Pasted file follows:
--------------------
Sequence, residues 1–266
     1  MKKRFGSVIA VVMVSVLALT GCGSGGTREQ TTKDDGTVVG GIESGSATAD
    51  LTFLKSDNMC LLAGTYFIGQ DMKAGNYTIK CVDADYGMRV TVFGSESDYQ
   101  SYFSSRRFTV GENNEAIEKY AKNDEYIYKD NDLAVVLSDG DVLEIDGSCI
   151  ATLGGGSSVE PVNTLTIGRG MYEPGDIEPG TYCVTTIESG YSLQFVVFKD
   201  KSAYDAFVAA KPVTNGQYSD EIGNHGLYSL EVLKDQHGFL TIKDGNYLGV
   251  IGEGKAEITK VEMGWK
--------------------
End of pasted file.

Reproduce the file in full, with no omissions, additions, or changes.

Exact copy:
Sequence, residues 1–266
     1  MKKRFGSVIA VVMVSVLALT GCGSGGTREQ TTKDDGTVVG GIESGSATAD
    51  LTFLKSDNMC LLAGTYFIGQ DMKAGNYTIK CVDADYGMRV TVFGSESDYQ
   101  SYFSSRRFTV GENNEAIEKY AKNDEYIYKD NDLAVVLSDG DVLEIDGSCI
   151  ATLGGGSSVE PVNTLTIGRG MYEPGDIEPG TYCVTTIESG YSLQFVVFKD
   201  KSAYDAFVAA KPVTNGQYSD EIGNHGLYSL EVLKDQHGFL TIKDGNYLGV
   251  IGEGKAEITK VEMGWK